We Weren’t Always Toms, Coons, Mammies and Bucks; The Forgotten History of Black Americans In Hollywood

Written by Storyteller

American cinema has never been particularly kind to folks. As blacks moved north into cities with burgeoning movie palaces and industrial jobs and laws designed to keep them impoverished and on the margins, filmic representation of black life—limited for most of the time between World War I and Vietnam to “Toms, Coons, Mulattoes, Mammies and Bucks,” as historian Donald Bogle put it in 1973—was the lens through which American society viewed blacks.1 

Anyone who took silver screen representations of blacks at face value would come away with the notion that black folks were, by and large, stupid, cowardly, lazy and worthy of subjugation, censure and plunder. That this is just how America has largely treated its population both before and since is no accident. When the blustery but occasionally insightful critic Armond White said “you have a culture of criticism that simply doesn’t want Black people to have any kind of power, any kind of spiritual understanding or artistic understanding of themselves,” he wasn’t wrong.

 “A Road Three Hundred Years Long: Cinema and the Great Migration,” a series at New York’s Museum of Modern Art that began last Monday and runs through June 12th, provides a much-needed corrective, a narrative of black resistance to the dominant mode of slanderous Hollywood storytelling—both now and, somewhat miraculously, in the days of Jim Crow. Curated by MoMA’s Joshua Siegel and independent curator Thomas Beard of Light Industry, the country’s leading micro-cinema for experimental film, the exhibition is pegged to the Museum’s show of Jacob Lawrence’s Great Migration paintings. “A Road Three Hundred Years Long” includes many films that catered to black audiences in the era of their flight from terror, showcasing a significant amount of pre-war black filmmaking as well as movies by contemporary black filmmakers that explore the mysterious legacy of the Great Migration.

Blacks were unable to go to segregated movie theaters in the south except under special circumstances—“midnight rambles,” for example, which were late night screenings of popular films and black-themed movies for black patrons that were barred during the day. But some black owned movie theaters persisted and some of the work shown there, both home movies and narrative features, found appreciative pre-war audiences. MoMA’s program includes many of these films, as well as WPA-style proletarian news reels and avant-garde non-fiction films, to showcase images of black life that—despite the specter of prejudice—highlight unadorned, provincially black, middle class normality in a way that is painfully rare. These spaces have largely escaped Hollywood visions of black American life, obsessed as they are with broad stereotype (see this summer’s Dope) or elegantly rendered historical struggle (Selma, 12 Years a Slave).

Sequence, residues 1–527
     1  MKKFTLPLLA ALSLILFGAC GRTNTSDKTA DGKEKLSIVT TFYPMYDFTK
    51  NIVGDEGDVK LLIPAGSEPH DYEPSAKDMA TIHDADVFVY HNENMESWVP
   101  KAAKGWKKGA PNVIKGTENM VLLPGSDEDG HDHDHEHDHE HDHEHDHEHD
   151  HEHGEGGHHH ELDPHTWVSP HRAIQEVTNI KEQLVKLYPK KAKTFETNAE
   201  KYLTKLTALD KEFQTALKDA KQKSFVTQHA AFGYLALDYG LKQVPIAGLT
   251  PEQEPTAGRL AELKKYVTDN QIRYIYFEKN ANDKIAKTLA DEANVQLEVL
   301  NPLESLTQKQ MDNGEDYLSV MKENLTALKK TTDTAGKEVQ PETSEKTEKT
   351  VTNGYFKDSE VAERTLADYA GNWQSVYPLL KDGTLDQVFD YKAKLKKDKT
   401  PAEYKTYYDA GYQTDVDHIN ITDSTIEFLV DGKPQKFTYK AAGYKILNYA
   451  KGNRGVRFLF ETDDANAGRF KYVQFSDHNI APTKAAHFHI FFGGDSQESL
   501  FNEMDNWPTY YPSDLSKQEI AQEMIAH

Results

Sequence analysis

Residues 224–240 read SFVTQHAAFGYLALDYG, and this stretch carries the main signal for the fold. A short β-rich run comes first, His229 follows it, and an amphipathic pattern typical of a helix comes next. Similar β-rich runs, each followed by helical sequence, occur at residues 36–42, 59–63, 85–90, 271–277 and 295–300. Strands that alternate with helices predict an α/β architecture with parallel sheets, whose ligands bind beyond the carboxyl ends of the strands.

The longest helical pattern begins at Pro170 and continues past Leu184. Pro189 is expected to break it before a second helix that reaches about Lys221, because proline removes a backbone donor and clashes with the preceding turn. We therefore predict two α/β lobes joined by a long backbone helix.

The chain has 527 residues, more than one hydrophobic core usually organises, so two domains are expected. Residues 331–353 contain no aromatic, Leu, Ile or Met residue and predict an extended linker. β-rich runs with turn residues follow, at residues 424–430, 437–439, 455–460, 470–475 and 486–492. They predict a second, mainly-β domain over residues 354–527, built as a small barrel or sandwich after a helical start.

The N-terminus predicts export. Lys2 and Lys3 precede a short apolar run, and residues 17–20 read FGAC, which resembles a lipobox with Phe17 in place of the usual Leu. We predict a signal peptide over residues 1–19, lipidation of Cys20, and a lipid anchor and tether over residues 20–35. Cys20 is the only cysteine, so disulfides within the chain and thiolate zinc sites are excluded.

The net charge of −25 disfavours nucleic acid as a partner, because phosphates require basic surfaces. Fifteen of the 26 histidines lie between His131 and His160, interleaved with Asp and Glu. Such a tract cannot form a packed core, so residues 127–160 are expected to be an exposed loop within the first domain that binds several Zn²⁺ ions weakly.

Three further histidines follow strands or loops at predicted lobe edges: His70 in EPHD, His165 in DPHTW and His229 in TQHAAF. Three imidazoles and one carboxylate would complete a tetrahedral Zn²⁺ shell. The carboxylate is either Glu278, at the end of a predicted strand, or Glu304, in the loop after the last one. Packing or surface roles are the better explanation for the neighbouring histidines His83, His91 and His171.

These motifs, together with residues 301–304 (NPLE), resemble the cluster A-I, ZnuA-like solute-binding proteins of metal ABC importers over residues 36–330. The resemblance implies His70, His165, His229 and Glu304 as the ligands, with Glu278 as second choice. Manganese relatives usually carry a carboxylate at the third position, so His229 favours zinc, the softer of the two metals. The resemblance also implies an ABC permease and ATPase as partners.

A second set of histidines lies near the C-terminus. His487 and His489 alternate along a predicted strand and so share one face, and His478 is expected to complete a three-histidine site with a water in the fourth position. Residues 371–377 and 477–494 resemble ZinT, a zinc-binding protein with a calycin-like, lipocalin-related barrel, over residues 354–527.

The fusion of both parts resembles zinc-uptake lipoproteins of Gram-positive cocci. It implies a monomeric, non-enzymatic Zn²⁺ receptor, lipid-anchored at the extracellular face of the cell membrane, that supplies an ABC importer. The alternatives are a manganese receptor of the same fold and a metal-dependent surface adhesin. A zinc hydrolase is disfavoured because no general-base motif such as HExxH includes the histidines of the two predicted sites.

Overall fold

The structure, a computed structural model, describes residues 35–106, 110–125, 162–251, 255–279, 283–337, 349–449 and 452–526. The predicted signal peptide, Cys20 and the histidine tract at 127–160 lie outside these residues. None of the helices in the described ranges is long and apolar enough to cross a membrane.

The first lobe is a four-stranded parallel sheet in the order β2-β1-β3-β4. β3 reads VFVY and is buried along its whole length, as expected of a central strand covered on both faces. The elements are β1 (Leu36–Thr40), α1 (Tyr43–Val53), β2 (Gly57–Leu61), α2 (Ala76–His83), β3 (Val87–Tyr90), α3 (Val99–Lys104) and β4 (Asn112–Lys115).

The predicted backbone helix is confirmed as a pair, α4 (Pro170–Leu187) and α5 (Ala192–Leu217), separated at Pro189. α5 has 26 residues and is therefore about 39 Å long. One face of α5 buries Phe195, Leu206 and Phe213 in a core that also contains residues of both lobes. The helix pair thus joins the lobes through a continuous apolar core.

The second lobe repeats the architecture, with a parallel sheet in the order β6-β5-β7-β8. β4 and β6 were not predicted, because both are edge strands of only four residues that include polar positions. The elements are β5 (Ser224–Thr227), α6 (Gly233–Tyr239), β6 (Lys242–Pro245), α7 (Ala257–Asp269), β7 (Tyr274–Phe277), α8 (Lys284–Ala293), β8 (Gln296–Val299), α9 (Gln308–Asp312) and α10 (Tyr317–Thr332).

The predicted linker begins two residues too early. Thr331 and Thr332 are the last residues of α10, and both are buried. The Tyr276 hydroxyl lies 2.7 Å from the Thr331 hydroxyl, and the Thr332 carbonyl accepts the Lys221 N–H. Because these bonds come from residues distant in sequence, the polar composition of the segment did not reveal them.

But for black experimentalists (like Kevin Jerome Everson, who directedCompany Line) or great, sadly underemployed black narrative directors—like Charles Burnett, who made To Sleep with Anger, and Julie Dash, who did Daughters of the Dust—the forgotten spaces of black American life provide wonderful fodder for exploring the mysterious resilience of black middle class life.

The program’s most interesting discoveries are rooted further in the past. Oscar Micheaux and Spencer Williams were the only African Americans to make narrative feature films in the years before the Civil Rights Movement and they are very much at the center of “A Road Three Hundred Years Long.”Several works by Micheaux, the most prolific of the black pre-war filmmakers, are on display, including his 1920 film The Symbol of the Unconquered. A rejoinder of sorts to The Birth of a Nation, it remains one of the watershed moments in black film history.

Meanwhile, Williams’s work is the subject of the documentary Juke: Passages from the films of Spencer Williams, a series-opening compilation film by noted found footage documentarian Thom Andersen (Los Angeles Plays Itself). Williams is known more as the star of the popular early ’50s sitcom the Amos ‘n’ Andy than as a groundbreaking independent filmmaker.


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